Social Media Fuels Inhumane Encounters With Exotic Animals

A man holds up a banner that reads in Spanish: "No to circus with animals" during a protest by animal rights activists outside the Spanish Agriculture, Food and Environment Ministry in Madrid, Wednesday, April 4, 2018. An elephant died and four more were being treated for injuries after a circus truck accident on a major Spanish highway that provoked an outcry among animal rights defenders.
A man holds up a banner that reads in Spanish: "No to circus with animals" during a protest by animal rights activists outside the Spanish Agriculture, Food and Environment Ministry in Madrid, Wednesday, April 4, 2018. An elephant died and four more were being treated for injuries after a circus truck accident on a major Spanish highway that provoked an outcry among animal rights defenders. Francisco Seco / AP Photo
A man holds up a banner that reads in Spanish: "No to circus with animals" during a protest by animal rights activists outside the Spanish Agriculture, Food and Environment Ministry in Madrid, Wednesday, April 4, 2018. An elephant died and four more were being treated for injuries after a circus truck accident on a major Spanish highway that provoked an outcry among animal rights defenders.
A man holds up a banner that reads in Spanish: "No to circus with animals" during a protest by animal rights activists outside the Spanish Agriculture, Food and Environment Ministry in Madrid, Wednesday, April 4, 2018. An elephant died and four more were being treated for injuries after a circus truck accident on a major Spanish highway that provoked an outcry among animal rights defenders. Francisco Seco / AP Photo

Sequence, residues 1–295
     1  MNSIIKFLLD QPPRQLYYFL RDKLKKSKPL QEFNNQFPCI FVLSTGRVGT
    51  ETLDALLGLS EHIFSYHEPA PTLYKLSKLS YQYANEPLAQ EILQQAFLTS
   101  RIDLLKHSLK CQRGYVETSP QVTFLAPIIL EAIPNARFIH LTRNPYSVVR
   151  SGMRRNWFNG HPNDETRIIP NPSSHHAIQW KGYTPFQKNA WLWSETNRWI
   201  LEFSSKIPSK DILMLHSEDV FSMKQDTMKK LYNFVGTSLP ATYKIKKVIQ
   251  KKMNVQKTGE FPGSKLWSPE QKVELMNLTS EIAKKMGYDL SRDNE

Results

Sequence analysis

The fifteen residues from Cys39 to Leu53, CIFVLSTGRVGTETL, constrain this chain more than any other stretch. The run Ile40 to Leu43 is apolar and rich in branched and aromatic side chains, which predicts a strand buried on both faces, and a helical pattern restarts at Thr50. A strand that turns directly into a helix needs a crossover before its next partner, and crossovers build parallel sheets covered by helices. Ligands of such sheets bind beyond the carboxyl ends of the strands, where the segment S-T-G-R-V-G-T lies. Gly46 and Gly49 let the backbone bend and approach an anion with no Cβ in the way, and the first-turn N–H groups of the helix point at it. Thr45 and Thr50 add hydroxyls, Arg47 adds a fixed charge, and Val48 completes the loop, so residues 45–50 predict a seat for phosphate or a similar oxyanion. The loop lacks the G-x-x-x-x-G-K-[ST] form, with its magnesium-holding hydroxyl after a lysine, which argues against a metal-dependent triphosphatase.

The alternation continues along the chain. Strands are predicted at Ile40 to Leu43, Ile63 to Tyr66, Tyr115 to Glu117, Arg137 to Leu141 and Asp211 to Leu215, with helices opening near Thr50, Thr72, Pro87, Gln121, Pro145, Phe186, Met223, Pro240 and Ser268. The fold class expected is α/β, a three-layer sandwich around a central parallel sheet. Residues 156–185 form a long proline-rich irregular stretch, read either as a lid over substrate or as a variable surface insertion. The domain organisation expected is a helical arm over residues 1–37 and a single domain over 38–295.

Social Media Fuels Inhumane Encounters With Exotic Animals

Instagram is full of them: photos of tourists riding elephants, posing with tigers or cuddling koalas. But what is happening behind the scenes? That is among the questions writer Natasha Daly sets out to answer in her new article for National Geographic “Suffering Unseen: The Dark Truth Behind Wildlife Tourism.” To prepare the story, Daly spent three months in the field on four continents, along with photographer Kirsten Luce. In her article, she tells the stories of the roughly 3,800 captive elephants in Thailand, as well as circus bears in Russia, dolphins used for tourist encounters in Brazil and so many other captive animals. Daly joins Worldview to discuss National Geographic’s “How to” guide on how vacationers can humanely observe exotic animals, especially as the summer tourism season approaches.